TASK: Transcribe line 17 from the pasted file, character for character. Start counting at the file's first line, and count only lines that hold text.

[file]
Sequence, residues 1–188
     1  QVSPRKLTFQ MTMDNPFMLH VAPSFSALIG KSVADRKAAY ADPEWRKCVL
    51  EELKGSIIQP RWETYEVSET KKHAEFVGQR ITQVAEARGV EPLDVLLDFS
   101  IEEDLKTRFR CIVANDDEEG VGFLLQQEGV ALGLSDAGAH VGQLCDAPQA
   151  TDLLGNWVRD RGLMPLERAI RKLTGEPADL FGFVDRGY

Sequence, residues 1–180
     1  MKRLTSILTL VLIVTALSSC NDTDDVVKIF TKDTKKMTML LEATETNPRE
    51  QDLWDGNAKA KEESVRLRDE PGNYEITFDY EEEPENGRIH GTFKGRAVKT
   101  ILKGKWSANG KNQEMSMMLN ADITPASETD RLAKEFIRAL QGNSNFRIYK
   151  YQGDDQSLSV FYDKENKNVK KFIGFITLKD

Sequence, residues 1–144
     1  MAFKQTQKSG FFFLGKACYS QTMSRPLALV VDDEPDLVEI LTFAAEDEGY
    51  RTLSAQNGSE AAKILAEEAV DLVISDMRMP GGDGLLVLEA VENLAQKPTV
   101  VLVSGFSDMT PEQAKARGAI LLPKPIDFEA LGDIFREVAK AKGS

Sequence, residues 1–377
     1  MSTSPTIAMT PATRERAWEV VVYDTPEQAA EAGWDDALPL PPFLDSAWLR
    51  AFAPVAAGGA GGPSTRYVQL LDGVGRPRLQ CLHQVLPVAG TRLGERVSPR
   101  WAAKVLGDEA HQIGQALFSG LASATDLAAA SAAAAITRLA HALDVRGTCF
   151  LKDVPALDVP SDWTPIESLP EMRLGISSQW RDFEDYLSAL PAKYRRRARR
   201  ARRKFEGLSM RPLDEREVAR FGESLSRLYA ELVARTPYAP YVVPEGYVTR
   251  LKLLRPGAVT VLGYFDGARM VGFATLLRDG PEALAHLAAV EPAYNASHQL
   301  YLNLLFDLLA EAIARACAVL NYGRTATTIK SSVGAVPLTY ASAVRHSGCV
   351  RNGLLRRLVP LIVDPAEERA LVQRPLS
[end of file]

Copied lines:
    51  AFAPVAAGGA GGPSTRYVQL LDGVGRPRLQ CLHQVLPVAG TRLGERVSPR